Michael McGrath: A Man On A Mission To Inspire You To Greatness
The inspirational founder of The Muscle Help Foundation charts his journey from muscular dystrophy diagnosis to the North and South Poles, and outlines his mission to transform the lives of 657 people affected by the genetic muscle-wasting condition
“Muscular dystrophy is slowly destroying my life. But I’ve chosen to fill my life with experiences. I’m on this mission and I live life to the full. For me life is absolutely no dress rehearsal.”
Michael McGrath vividly remembers his first encounter with muscular dystrophy.
“I remember being on the squash court and falling down for no reason,” he says. “I was 18 years old. Fit, strong, healthy, ambitious. I was very active. Very competitive. I played a lot of squash. I played rugby. I wanted to be a pro golfer and was taught by the BBC’s golf commentator Alex Hay.
“After I fell down I jumped up and got on with the game but in the back of my mind I started to realise something wasn’t right.” After seeing countless consultants McGrath “ended up on the slab like a guinea pig” at the British College of Naturopathy and Osteopathy in London.
I just thought my life imploded.
He was probed and prodded and referred to a specialist who, after “a number of uncomfortable biopsies” eventually diagnosed him with muscular dystrophy (MD), a destructive genetic condition that had been lurking dormant in his DNA. “I’ll never forget it,” he says. “I just thought my life imploded.”
A LIFE WELL LIVED
Reflecting on that dark period in his life and the 33 years that have passed since, it’s clear McGrath didn’t let MD stand in his way.
Within 20 years of diagnosis he was married, had become a father and, despite his deteriorating condition, he’d become the first disabled person in the world to lead expeditions to both the North and South Pole.
Out of this remarkable feat he conceived The Muscle Help Foundation (MHF), his family-run charity that’s devoted to providing life-changing experiences for children and young people with MD and allied neuromuscular conditions.
We focus on providing 657 Muscle Dreams for those whose muscles are broken.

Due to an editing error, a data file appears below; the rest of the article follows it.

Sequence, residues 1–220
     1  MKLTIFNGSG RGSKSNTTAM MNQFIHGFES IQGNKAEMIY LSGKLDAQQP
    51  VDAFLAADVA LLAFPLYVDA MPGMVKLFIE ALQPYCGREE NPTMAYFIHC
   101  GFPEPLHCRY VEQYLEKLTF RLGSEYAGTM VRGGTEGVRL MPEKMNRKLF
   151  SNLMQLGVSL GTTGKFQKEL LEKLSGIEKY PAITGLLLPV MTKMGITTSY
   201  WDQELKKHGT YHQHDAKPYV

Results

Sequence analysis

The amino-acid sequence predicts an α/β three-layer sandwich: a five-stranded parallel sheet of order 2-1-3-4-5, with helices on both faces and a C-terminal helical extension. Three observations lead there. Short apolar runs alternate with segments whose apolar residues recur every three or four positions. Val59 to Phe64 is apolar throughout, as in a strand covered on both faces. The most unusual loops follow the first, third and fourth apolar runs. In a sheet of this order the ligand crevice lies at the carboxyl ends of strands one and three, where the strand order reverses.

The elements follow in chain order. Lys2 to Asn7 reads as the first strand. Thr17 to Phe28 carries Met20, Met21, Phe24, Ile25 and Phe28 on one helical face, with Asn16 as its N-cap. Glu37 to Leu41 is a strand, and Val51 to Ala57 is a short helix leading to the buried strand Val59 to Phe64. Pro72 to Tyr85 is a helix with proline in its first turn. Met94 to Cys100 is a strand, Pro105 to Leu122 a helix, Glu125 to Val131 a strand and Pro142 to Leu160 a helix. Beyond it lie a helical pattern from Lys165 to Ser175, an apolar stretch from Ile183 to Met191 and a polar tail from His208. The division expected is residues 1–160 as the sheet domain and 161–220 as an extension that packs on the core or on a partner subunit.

“The charity’s focus is on providing 657 ‘Muscle Dreams’ for those whose muscles are broken — that’s one for every muscle in the human body,” says McGrath, speaking exclusively to the 657Journal.
This January MHF partnered with Upbeat Active and together launched the #657challenge to help champion their cause and broadcast the importance of muscle health to the nation.
“There’s a natural synergy between our two organisations,” McGrath says. “Part of the mission is to put a spotlight on MD but if we can engage the nation’s appetite in learning about muscles and what they enable them to do then that’s pretty cool.”
COMING OF AGE
McGrath isn’t shy about his own battles with MD. Despite the immeasurable setbacks he’s faced, he refuses to play the martyr. Respectful, eloquent, humble, fiercely passionate, he returns to the painful memories of his diagnosis in 1984.
He was diagnosed with Limb-Girdle Muscular Dystrophy, which causes weakness and wasting of the muscles in the arms and legs.
It’s progressive, it’s deteriorative and it’s relentless.
“Muscular dystrophy is a cruel and unforgiving disease,” he says. “Boys and young men are most commonly affected. It gradually causes the muscles to weaken, robbing sufferers of their mobility, independence and finally, for those with the most severe form, their lives. There’s no cure or treatment. It’s progressive, it’s deteriorative and it’s relentless.”
At the start of his adult life when most 18-year-olds are starting to realise their physical potential and enjoy their independence, McGrath’s life stopped.
“It was a really difficult time to be brutally honest,” he says, calling this period in his life his “Cast Away moment” in reference to the final scene in Tom Hanks’ iconic movie.
“Tom Hanks has been through hell and back,” McGrath explains. “But he survives and delivers on his promise to deliver the FedEx package he crashed with. For me that encapsulates how I chose to live my life but the Cast Away moment was my diagnosis.”
Having delivered the package Hanks lays a map out on the hood of his car and looks north, south, east and west.
I had no idea what life was going to throw at me.
“He has no idea what he’s going to do. For me that was the exact way I felt. I had no idea what life was going to throw at me. It was a pretty fearful, uncertain place. It was a pretty dark time.”
At first, he blamed his mother who was the carrier of the mutant gene [MD is a genetic condition that can remain dormant in carriers — McGrath has two older brothers, one has the same MD as him while his older brother remains unaffected]. “I made her life a misery. I made her life hell for a couple of years. I blamed her for everything and it was hard for her.
“That was a natural response and I talk to a lot of the families about guilt. It runs through a lot of the families but in some ways our intervention [through the Muscle Dreams] provides hope. It uplifts confidence, it’s kind of a crossroads for them because they realise there’s so much more to life.”
MASTER OF DESTINY
Eventually McGrath realised the destination he needed to head was north.
In 2002, having carved out a career in the corporate world, he heard of a property developer called Chris Cope who was planning an expedition to the North Pole to raise money for MD.
“It unlocked an adventurous spirit within me,” he says. “I realised my values weren’t aligned with the business world anymore and I decided I wanted to become the master of my own destiny.
That’s the way I’m wired. I set the task, set the goal and said we’re going to make this happen.
“I was very unsettled at that time and part of my personal journey was learning about my own inner being, recognising my strengths and playing to my weaknesses. The added challenge of having a deteriorative muscle wasting condition really just provided me with the additional fuel and motivation I needed.